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Theveste

Arch of Caracalla in Theveste

Theveste was a Roman colony in Berber north Africa.[1] Its modern name is Tébessa, Algeria

Contents

  • History 1
  • Main architectural remains 2
  • Notes 3
  • Bibliography 4
  • See also 5

History

In 146 BC Romans conquered the region, where existed an old city called "Tbessa". Theveste was founded by the Romans in 75 AD near an old Berber village, next to the Aures mountains in order to control the mountain region.

During the 1st century CE, the Legio III Augusta [2] resided there before being transferred to Lambaesis. It was made a colonia probably under Trajan.[3]

Theveste flourished under Septimius Severus reaching a population calculated in nearly 30,000 inhabitants, and was even an important Dioceses See.

There is mention of a council held there by the Donatists. Among its saints were St Lucius, its bishop, who in 256 AD assisted at the Council of Carthage and died as a martyr two years later; St Maximilianus, martyred 12 March, 295 AD; St Crispina, martyred 5 December, 304 AD.[4] Some of its bishops are known: Romulus in 349 AD; Urbicus in 411 AD; Felix exiled by the Vandals in 484 AD; Palladius mentioned in an inscription.

During the 4th and 5th century AD Thebeste was a centre of Manichaeism as well. In June 1918 a codex of 26 leaves written in Latin by Manichaeans was discovered in a cave near the city.[5]

Theveste was damaged by the Vandals, but it was rebuilt at the beginning of the reign of Justinian I by the patrician Solomon, who built a tomb there which still exists. It was nearly destroyed by the Arabs, but a small village (probably initially populated by a few surviving Christian Berbers) remained for centuries.[6]

Modern Tebessa is very rich in ancient monuments, among them being a triumphal arch of Caracalla, a temple, a Christian basilica of the 4th century and the huge walls.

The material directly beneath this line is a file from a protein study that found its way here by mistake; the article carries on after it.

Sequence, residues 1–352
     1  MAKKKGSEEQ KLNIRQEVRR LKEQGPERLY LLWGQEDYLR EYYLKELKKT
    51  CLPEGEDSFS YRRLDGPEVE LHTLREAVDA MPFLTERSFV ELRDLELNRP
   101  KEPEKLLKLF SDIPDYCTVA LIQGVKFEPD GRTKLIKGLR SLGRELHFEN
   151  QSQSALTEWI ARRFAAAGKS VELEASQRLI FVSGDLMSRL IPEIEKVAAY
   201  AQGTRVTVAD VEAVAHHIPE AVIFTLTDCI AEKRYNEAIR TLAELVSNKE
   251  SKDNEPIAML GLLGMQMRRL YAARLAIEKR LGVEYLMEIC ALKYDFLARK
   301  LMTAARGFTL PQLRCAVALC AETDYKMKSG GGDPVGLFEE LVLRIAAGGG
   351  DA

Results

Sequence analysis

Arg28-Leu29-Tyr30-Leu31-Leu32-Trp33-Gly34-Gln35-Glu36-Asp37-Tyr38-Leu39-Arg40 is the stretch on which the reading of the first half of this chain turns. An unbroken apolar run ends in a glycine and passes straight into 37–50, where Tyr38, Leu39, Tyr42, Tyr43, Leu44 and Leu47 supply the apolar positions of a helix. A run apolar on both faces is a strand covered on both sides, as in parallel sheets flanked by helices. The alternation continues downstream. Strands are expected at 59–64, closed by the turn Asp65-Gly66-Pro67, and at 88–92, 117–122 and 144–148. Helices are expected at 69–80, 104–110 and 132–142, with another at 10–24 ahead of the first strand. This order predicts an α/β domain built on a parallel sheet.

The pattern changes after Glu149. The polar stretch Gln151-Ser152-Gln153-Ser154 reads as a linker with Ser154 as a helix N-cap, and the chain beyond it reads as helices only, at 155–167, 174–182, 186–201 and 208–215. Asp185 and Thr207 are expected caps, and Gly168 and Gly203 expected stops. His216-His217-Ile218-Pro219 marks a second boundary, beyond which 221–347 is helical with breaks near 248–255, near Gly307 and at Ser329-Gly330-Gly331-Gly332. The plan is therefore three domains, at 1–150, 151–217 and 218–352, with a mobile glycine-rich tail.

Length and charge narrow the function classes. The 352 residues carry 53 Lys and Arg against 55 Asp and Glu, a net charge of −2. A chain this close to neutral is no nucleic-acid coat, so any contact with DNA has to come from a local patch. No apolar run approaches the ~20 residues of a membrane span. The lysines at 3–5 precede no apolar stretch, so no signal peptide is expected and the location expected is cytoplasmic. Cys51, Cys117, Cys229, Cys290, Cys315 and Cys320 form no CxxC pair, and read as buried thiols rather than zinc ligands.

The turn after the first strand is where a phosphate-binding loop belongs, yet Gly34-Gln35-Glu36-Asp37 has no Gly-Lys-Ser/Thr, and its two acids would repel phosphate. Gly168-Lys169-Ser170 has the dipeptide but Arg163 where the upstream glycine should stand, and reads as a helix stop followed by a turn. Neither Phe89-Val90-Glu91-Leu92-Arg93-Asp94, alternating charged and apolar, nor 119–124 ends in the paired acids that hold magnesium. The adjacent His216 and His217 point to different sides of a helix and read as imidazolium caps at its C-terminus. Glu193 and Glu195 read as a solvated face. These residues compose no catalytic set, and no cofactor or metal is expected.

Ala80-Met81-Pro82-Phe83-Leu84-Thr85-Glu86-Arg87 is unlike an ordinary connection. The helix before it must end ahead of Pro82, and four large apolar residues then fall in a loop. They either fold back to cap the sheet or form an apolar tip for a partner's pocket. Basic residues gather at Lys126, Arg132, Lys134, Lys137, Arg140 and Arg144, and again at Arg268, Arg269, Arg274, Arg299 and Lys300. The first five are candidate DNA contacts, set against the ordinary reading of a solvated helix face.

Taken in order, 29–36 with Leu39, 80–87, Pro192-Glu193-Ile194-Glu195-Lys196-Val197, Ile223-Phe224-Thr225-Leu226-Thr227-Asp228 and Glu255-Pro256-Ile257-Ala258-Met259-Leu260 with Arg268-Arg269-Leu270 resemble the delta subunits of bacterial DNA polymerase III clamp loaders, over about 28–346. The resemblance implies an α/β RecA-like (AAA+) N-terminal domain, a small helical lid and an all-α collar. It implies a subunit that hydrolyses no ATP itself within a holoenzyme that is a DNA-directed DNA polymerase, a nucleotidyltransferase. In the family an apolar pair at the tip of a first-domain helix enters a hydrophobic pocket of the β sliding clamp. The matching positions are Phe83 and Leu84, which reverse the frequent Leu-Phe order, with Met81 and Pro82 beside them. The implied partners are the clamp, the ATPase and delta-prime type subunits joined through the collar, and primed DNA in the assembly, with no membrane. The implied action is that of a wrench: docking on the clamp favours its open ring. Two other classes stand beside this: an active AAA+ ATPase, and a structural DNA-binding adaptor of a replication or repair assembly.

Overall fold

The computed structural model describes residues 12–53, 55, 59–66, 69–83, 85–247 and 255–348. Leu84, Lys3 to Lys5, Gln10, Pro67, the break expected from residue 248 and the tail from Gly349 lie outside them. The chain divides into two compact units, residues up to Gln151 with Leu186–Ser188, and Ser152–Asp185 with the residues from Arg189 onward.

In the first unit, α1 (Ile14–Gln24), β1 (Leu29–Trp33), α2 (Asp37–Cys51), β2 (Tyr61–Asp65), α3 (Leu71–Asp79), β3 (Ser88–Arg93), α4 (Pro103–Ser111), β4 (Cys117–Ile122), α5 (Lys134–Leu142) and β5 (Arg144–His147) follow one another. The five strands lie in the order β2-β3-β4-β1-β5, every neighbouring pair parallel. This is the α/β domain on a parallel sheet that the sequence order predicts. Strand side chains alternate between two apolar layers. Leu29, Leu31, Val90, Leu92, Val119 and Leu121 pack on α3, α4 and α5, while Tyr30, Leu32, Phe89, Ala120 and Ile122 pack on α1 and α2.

Main architectural remains

The Roman Forum of Theveste

Around the Roman Forum it is possible to see even today the remains of:

  • Arch of Caracalla, a Roman triumphal arch dating from 214 A.D. This edifice, which was the North entrance to the town is positioned as a square at the junction of two roads. The four facades of this door are all identical.
  • Temple of Minerva (early 3rd century AD), with walls decorated by mosaics.The Minerva Temple dates from the beginning of the 3rd Century. The interior walls of this Temple are ornated with beautiful mosaics. One finds inside it various prehistoric articles (money,arms, lamps,etc.)
  • Remains of the basilica of St. Crispinus (4th century AD), one of the biggest in Africa. It has also chapels, baptism urns, catacombs and gardens. The basilica is situated at the exterior of the old city at the north of the Arc of Caracalla. There are various pathways, huge steps, stables, underpath walkways, and many Romain edifices around. This basilica is consacrated to a local Saint, Sainte Crispine, and dates from the end of the 4th Century, and is one of the biggest in Africa.
  • Byzantine walls (6th century), popularly known as "Solomon's Walls" and flanked by thirteen square towers.The Solomon wall encircles the old town centre. These walls are flanked by towers which open onto the outside by four doors.One of these four doors is an Arc de Triomphe (Caracalla's door).
  • Roman theatre. Small in size, because created when the city was refounded as base for the Legio III Augusta.
  • Amphitheatre (4th century AD). Divided in 2 sections.
  • Roman aqueduct. Still partially working.
Theveste was located 170 km southeast of Cirta (actual Constantine)

Notes

  1. ^ Photos of Theveste
  2. ^ Legio III Augusta
  3. ^ Treccani: Theveste (in Italian)
  4. ^ St. Crispina
  5. ^ A month later Henri Omont found the missing initial 13 leaves. The whole book is now known as the Tebessa codex and it is kept in Cologne. It has been edited by Markus Stein (Bonn).
  6. ^ Under the Ottoman Empire, Theveste had a garrison of Janizaries. In 1851 it has been occupied by the French. Under the name of Tebessa it became the capital of a canton of the Department of Constantine in Algeria.

Bibliography

  • Laffi, Umberto. Colonie e municipi nello Stato romano Ed. di Storia e Letteratura. Roma, 2007 ISBN 8884983509
  • Mommsen, Theodore. The Provinces of the Roman Empire Section: Roman Africa. (Leipzig 1865; London 1866; London: Macmillan 1909; reprint New York 1996) Barnes & Noble. New York, 1996
  • Smyth Vereker, Charles. Scenes in the Sunny South: Including the Atlas Mountains and the Oases of the Sahara in Algeria. Volume 2. Publisher Longmans, Green, and Company. University of Wisconsin. Madison,1871 ( Roman Theveste )

See also

 

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